PARIS – Bernard Bigot, a French scientist leading a vast international effort to demonstrate that nuclear fusion can be a viable source of energy, has died. He was 72.
The organization behind the International Thermonuclear Experimental Reactor, or ITER, said Bigot died Saturday from an unspecified illness. The organization's director general since March 2015, Bigot was approaching the midway point of his second term, due to end in 2025.
An ITER statement described his death as “a tragic blow to the global fusion community.”
His deputy, Eisuke Tada, will take over leadership of the ITER project during the search for Bigot's successor.
Unlike existing fission reactors that produce radioactive waste and sometimes catastrophic meltdowns, proponents of fusion say it offers a clean and virtually limitless supply of energy if scientists and engineers can harness it.
Richard Wald, ABC journalist, 92
NEW YORK – Richard Wald, a longtime journalist who helped build ABC News into a powerhouse following a career in newspapers, has died. He was 92.
Wald suffered a stroke early last week and never regained consciousness before dying Friday at a hospital in New Rochelle, New York, said his son, news executive Jonathan Wald.
The wiry, optimistic newshound taught journalism at his alma mater, Columbia University, after retiring from ABC News in 1999. He served on the boards of the Pulitzer Prizes, DuPont-Columbia and Peabody awards.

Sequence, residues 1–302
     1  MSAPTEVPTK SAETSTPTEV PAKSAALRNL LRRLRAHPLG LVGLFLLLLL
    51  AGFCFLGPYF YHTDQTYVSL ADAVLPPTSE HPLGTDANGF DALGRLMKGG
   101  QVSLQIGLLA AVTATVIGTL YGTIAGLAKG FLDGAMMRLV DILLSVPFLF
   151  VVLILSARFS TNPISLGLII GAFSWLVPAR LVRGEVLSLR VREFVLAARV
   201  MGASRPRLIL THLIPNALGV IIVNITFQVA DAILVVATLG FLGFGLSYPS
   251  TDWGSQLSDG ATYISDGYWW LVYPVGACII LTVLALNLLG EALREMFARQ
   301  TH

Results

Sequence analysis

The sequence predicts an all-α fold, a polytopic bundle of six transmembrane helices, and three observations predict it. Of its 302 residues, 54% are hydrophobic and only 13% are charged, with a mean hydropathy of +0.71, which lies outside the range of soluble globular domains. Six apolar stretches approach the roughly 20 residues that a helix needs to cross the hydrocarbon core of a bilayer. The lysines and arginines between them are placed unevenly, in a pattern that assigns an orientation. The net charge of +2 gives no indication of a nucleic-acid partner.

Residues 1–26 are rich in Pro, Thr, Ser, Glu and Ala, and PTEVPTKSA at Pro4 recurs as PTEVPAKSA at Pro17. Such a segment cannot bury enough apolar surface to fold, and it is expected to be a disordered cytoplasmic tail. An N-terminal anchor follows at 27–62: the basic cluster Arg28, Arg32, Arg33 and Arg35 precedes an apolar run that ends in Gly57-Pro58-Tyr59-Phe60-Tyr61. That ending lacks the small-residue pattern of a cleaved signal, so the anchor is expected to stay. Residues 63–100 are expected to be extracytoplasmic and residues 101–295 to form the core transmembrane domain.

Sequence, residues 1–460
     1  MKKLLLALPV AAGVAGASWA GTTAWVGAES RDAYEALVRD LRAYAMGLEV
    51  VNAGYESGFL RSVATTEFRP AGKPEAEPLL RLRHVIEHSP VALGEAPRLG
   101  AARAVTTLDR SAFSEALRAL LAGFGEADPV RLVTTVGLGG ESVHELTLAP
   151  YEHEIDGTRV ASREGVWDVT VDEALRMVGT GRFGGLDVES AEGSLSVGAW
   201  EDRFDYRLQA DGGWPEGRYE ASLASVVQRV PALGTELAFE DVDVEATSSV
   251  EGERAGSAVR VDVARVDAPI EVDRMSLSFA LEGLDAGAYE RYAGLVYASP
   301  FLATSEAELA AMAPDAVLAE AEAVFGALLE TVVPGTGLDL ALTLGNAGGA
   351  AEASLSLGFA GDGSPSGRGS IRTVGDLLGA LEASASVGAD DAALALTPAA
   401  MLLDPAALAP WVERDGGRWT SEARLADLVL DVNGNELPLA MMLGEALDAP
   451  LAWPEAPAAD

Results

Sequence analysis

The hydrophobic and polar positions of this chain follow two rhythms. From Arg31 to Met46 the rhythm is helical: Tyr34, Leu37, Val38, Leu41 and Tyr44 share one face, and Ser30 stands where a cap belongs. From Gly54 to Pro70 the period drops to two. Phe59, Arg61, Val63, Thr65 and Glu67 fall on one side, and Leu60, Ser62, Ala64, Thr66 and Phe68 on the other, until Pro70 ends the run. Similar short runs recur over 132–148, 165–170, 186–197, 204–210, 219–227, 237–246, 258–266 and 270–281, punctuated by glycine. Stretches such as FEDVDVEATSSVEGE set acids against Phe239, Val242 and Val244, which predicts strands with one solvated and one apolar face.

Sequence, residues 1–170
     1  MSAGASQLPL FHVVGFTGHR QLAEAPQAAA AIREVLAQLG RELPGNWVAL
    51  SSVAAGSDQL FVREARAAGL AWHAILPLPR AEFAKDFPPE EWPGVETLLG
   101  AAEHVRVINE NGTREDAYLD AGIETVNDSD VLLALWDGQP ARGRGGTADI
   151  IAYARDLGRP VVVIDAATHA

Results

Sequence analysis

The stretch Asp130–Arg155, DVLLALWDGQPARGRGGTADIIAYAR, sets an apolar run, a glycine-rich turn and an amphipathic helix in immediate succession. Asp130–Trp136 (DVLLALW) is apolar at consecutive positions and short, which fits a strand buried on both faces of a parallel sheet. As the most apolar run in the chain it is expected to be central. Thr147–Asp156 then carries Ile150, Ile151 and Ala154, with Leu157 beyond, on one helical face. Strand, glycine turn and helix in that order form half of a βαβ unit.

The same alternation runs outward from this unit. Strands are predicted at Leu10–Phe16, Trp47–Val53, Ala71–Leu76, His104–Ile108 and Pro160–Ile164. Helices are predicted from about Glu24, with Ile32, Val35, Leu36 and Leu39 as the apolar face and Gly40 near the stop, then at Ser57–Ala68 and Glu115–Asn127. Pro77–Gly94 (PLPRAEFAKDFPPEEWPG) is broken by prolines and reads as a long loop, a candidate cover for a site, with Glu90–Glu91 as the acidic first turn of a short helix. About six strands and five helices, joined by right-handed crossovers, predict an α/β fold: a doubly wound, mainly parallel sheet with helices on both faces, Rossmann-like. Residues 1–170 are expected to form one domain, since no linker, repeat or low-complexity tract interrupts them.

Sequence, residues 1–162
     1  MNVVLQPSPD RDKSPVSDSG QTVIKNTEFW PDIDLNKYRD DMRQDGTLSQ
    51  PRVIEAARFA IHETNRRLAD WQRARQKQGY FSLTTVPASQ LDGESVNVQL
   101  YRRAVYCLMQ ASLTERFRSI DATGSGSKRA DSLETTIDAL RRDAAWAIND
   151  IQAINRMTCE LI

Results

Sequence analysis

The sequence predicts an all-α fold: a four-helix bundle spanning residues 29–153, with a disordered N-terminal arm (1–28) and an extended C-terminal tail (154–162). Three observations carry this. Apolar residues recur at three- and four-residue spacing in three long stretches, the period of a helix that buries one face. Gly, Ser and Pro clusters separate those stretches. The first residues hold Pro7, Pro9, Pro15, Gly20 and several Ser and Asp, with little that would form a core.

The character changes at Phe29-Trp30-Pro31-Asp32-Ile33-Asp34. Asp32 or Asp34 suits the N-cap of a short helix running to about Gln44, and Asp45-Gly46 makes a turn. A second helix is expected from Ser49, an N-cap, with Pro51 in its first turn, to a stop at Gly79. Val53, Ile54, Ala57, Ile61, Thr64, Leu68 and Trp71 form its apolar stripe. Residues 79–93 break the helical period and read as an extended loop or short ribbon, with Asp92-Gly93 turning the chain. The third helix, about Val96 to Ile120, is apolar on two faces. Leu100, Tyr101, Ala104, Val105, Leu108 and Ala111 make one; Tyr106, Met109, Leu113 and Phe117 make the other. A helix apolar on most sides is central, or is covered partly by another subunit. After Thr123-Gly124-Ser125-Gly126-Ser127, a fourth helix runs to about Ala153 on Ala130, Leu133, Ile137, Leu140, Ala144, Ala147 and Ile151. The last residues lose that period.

He worked at now-defunct New York newspapers the Herald Tribune and World Journal Tribune, as well as the Washington Post, and oversaw “new journalism” stalwarts like Jimmy Breslin, Thomas Wolfe and Gail Sheehy.
Explaining why he joined NBC News in the late 1960s, Wald often said, “I didn't leave newspapers. Newspapers left me.”
He was NBC News president from 1973 to 1977, where he installed Tom Brokaw and Jane Pauley as “Today” show hosts. He also let screenwriter Paddy Chayefsky trail him for two days, and became the model for the network news president in the satiric film “Network.” Forced out at NBC because of tension with his bosses, he joined ABC News and was a top deputy to the mercurial Roone Arledge.
Andrew Symonds, test cricketer, 46
SYDNEY – Former Australian test cricketer Andrew Symonds died after a single-vehicle crash in northeast Australia late Saturday. He was 46.
Cricket Australia reported Symonds' death on its website today, citing a police statement.